»i i many a time
connTs. It
only on the
aim lie va
regions,
ami ii g* u
liiul t! pl'v
least two other
1
U" .fi riiiial to at
Arw i vi\ tut 1 hetuwlTo.
"Th" Itaiia: s made a bitter mistake
about the sol aity oj Menel k's forces
and English probably are also deceiv
ing themselves with regard to the stub
born fighting quality of Osman Digna's
troops. The English papers are pleased
to state that the death of the liahdi
ranard disruption among the fanatic*,
who mode of him a new prophet That
•ROYAL,
is, I believe, a serious t-rror in which
•cross-channel Chauvinism' will be
wrong to take stuck.
"The question our diplomat* are
•ainly endeavoring to solve, will per
haps lie settled by the Soudanese, am!
if Egypt- is ever to be evacuated by the
English, it would lo battk s waged be
fore the walls of Dongola or befor.*
Suakini that will determine tlio evacu
ation queitioii."
Traittvna! Oflrt Al.l.
LONDON, April •'.—The Transvaal
government has telegraphed to Aluu
tagne White, its consul general in Lon
don, that if Great Britain desires as
sistance in the protection of women
and children in Matabeleland, the
Transvaal government is willing to al
low the burghers to go then for that
purpose.
Kholci llmtli Volunteer*.
SAUSKIKY, Matabelelmid. April,3.—
Mr. Cecil Rhodes, with l."0 volunteers,
is proceeding to (iwelo and Buluwayo.
Mr. Rhodes has expressed the opinion
that Rhodesia is capable of coping with
the revolt of the Matabeles.
timnrfil Trlily Corporation
NEW YORK, APRIL 3. A coroner's
jury brought in a verdict censuring the
Trinity corporation, owners of the ten
ement building n Hudson street, in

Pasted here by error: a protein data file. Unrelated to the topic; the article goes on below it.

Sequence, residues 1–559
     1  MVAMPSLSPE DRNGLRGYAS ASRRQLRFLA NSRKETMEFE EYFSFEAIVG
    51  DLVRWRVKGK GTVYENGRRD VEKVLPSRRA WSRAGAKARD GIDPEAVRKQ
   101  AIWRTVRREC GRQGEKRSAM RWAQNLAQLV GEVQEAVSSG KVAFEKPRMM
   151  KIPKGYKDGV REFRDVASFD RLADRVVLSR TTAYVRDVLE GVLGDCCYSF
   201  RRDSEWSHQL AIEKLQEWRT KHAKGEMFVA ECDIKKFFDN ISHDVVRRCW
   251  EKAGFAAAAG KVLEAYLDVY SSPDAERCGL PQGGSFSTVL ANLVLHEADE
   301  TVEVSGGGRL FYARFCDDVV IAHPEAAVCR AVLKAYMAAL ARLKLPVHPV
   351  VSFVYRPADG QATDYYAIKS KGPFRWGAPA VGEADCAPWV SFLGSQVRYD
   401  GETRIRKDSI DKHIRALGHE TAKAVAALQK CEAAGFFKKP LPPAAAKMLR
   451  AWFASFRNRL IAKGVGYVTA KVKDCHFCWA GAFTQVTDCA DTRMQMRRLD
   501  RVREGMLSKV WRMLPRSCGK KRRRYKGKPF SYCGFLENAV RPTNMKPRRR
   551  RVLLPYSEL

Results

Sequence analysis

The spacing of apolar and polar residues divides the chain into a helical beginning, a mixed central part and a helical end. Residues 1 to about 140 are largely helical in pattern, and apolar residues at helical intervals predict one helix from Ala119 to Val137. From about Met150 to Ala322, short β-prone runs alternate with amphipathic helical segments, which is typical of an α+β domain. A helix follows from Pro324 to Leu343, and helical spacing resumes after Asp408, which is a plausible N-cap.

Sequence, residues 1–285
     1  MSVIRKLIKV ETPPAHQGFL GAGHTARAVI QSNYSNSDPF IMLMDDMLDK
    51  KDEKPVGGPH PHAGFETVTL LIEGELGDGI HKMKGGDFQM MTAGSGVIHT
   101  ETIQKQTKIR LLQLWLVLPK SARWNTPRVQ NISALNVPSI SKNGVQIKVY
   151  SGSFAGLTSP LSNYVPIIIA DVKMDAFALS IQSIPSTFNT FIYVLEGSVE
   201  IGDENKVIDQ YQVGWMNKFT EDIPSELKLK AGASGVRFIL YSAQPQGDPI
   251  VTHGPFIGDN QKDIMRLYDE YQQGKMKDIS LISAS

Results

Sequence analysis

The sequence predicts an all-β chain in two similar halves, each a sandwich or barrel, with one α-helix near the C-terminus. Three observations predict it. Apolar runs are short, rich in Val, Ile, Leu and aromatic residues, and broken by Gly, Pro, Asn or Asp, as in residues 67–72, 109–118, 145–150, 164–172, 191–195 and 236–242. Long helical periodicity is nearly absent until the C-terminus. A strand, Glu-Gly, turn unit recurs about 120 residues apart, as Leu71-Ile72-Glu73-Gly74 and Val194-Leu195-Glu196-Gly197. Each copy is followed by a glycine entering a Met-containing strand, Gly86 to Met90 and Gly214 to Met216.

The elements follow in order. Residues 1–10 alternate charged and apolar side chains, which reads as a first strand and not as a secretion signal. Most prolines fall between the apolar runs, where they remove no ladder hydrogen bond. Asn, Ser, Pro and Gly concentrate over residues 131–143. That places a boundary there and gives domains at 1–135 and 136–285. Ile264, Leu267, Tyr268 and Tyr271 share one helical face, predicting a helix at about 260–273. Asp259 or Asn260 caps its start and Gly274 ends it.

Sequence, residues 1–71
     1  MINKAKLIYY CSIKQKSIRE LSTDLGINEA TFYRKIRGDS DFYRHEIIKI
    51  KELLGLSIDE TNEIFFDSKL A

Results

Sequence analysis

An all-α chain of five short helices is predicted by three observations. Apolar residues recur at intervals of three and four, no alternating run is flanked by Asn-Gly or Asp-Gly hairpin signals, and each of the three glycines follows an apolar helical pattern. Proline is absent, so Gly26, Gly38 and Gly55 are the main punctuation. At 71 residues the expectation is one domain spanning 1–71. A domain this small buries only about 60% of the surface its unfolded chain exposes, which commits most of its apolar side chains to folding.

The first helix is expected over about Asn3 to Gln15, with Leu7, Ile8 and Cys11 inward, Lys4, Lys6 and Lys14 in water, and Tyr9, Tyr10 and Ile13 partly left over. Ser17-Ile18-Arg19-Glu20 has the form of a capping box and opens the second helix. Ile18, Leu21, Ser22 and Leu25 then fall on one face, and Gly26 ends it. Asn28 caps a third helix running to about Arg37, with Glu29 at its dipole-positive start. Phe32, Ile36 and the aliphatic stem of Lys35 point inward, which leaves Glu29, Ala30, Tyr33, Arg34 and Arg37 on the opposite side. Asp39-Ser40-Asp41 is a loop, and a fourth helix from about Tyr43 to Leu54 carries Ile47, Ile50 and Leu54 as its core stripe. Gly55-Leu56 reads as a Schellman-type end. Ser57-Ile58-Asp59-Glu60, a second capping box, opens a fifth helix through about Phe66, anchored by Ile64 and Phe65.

which four persons lost th ir lives by
suffocation, for not providing fire es
capes for the structure.
I*nnt Approved For Patent.
WASHINGTON, April 3.—Acting Sec
retary of the inter.or Reynolds has ap
proved as basis for patent list No. 1 of
the Minnesota school land indemnity
•elections, embracing 16,671 acres in
Crookston district.
BRIEF HITS OK NEWS.
The Chinese government has decided
to enter into the postal union.
The Mankato postoflice has bi en
moved into th' new public building.
The next annual show of the Minne
sota Poultry association will bo held at
St. Paul.
Dar F. Reese, clerk of the nnesota
supreme court, is seriously ill with
pneumonia.
The telegraph l«ne between Korosko
and Murat Weils,north of Wadv Haifa,
has been cut.
M. Murphy, the crack Brooklyn
wheelman, has, at bis own request,
been declared a professional.
At Chicago, Fred Payne and James
McKinsiry were nstantly kil ed by a
train on the Chicago and Northwestern
road.
Hon. Bert Van Home, ex-member of
congress from New York, died at his
homu at Lockport, from cancer in the
stomach.
At a meeting of Berlin the bondhold
ers of the Northern Pacific railroad, it
was unanimously resolved to accept the
reorganization plan.
At Columbus, O., Edward Knuppo,
after wounding Francos Huss, kuled
himself. Mrs. Russ refused to return
to him as housekeeper.
Benjamin Franklin Tweed, educator
and author, died at the home of his
son-in-law, Judge John W. Hammond,
in Cambridge, Mass., aged 85 years.
By the fall of a steel truss under
course of erection at Union Hill, N. J.,
one man was killed, another probably
fatally injured and two seriously in
jured.
The exports from Sheffield, Eng.,
to the United States for the first three
months of 1896 amounted to $832,220,
compared with $5t3,0l0 for the same
period of 1896.